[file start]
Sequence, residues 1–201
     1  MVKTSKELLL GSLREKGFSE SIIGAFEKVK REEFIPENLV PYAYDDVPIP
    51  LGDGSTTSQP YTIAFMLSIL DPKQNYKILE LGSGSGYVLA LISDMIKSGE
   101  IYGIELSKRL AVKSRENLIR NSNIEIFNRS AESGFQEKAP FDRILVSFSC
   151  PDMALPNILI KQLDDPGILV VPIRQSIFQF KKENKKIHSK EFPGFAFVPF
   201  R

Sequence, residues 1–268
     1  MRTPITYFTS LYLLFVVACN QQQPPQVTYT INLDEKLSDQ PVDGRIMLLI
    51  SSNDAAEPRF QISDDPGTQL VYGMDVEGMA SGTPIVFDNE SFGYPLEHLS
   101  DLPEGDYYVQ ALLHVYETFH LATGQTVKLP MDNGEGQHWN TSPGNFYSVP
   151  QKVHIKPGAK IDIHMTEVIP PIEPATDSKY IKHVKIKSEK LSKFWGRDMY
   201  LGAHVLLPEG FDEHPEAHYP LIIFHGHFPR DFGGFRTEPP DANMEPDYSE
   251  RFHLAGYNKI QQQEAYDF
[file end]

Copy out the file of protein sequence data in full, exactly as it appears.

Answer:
Sequence, residues 1–201
     1  MVKTSKELLL GSLREKGFSE SIIGAFEKVK REEFIPENLV PYAYDDVPIP
    51  LGDGSTTSQP YTIAFMLSIL DPKQNYKILE LGSGSGYVLA LISDMIKSGE
   101  IYGIELSKRL AVKSRENLIR NSNIEIFNRS AESGFQEKAP FDRILVSFSC
   151  PDMALPNILI KQLDDPGILV VPIRQSIFQF KKENKKIHSK EFPGFAFVPF
   201  R

Sequence, residues 1–268
     1  MRTPITYFTS LYLLFVVACN QQQPPQVTYT INLDEKLSDQ PVDGRIMLLI
    51  SSNDAAEPRF QISDDPGTQL VYGMDVEGMA SGTPIVFDNE SFGYPLEHLS
   101  DLPEGDYYVQ ALLHVYETFH LATGQTVKLP MDNGEGQHWN TSPGNFYSVP
   151  QKVHIKPGAK IDIHMTEVIP PIEPATDSKY IKHVKIKSEK LSKFWGRDMY
   201  LGAHVLLPEG FDEHPEAHYP LIIFHGHFPR DFGGFRTEPP DANMEPDYSE
   251  RFHLAGYNKI QQQEAYDF